It was brilliant. We did the Draconian Times full album tour as well, and it was two things we didn't want to do, but our manager mentioned that it was a good idea. At the time we were like 'Oh no, no, no. We definitely do not want do it.' But yeah, doing the Gothic album took us right back to doing the whole shitty little night clubs in Europe in the early 90s and the late 80s. It was good to do, and the visual concept behind us as so well done. There was only a couple of songs that we never actually played live off that album, but it took us back and made us think about doing heavy music again. I'm sure it did subconsciously, y'know?
Paradise Lost seldom plays Stateside; after a long gap, you last performed at Maryland Deathfest in 2016 and at the 7,000 Tons Of Metal cruise afterwards. Is there a reason you don't focus on touring the U.S. and do you see any type of U.S. tour in the future?
The only reason nowadays is that it's incredibly expensive to do it. It's just that the last ten years has become difficult for bands like ourselves to get over there and do it, and it's not just about breaking even, it's also about losing a lot of money. It can be risky to do it. We toured with Morbid Angel in 1993, and we didn't particularly have a lot of fun on that tour. It kinda put us off from going over there for quite a while, and I don't regret that, if I am honest. I do think we should have persevered and come over longer, but since then we absolutely love coming to the States. We would come at the drop of a hat, and we're there if we're asked. It's just really financially tough, especially for a British band to come out and do that. Now that we are on Nuclear Blast, there's a hell of a lot of American bands on Nuclear Blast, and if we could get on a support tour, we would love to do that. A musician is first and foremost a fan of music. Are there any particular sounds that you've considered but not gotten around to incorporating into your music yet?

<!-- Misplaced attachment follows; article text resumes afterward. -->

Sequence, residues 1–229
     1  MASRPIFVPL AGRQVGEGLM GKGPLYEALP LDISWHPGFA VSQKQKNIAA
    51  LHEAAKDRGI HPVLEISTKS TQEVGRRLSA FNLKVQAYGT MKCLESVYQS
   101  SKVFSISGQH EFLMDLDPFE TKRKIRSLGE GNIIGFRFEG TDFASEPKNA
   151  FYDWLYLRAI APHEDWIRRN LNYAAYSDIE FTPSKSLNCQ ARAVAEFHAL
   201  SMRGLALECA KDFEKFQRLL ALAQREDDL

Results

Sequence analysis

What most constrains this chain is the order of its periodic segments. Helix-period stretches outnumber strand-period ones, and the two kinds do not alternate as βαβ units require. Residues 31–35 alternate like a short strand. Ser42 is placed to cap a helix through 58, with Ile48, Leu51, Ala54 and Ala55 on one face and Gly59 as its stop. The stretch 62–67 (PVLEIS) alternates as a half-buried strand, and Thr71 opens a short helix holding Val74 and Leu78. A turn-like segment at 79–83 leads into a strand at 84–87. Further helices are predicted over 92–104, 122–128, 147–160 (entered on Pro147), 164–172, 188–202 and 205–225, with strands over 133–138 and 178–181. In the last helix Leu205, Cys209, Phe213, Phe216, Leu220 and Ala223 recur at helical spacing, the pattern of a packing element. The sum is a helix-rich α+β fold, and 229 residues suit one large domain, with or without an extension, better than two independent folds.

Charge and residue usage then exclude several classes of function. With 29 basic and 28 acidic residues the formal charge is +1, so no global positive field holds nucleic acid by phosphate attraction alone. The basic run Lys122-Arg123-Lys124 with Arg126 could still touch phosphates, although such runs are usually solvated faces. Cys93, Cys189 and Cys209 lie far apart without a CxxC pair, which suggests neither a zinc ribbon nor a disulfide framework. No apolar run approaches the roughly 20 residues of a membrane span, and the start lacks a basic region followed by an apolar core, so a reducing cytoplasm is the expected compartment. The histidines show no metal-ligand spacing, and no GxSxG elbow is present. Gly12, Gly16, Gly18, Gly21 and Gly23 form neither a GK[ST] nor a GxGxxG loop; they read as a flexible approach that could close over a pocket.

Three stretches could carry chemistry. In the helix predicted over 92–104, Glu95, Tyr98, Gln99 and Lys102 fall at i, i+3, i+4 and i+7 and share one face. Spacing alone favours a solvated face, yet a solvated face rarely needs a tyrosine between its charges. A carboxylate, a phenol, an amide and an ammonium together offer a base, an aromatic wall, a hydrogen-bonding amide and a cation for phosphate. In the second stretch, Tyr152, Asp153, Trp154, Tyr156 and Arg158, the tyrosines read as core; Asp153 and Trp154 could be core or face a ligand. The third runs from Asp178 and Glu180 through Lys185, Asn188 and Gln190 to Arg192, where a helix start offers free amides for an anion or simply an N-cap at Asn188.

Doing a fully symphonic album, like a film soundtrack, that's something I would like to do. It's just something that's incredibly ambitious to do, and to do it well. But it may never happen. When we were younger, I would say to Greg I would like to do something like Dead Can Dance but a death metal version—something that is incredibly symphonic but incredibly dark, y'know? It will probably never happen, but we'll see. Most of my questions have talked about all the different sounds and influences that you have managed to build a legacy and a career on. What does the future hold for Paradise Lost?
We never really had a lot of time to become sick of things. After you write the album and you tour, it's two years that fly by—you never really get time to get sit down. Once you get finished on the road, it's nice to have time off, but when you get time off, you feel like writing different music then because you've been playing the same songs for the past 18 months. You never have, say, five years where you've sat around doing nothing. Deadlines are not a bad thing, and it keeps you on your toes. The last, probably ten years especially or so have been like that. We've never really stopped.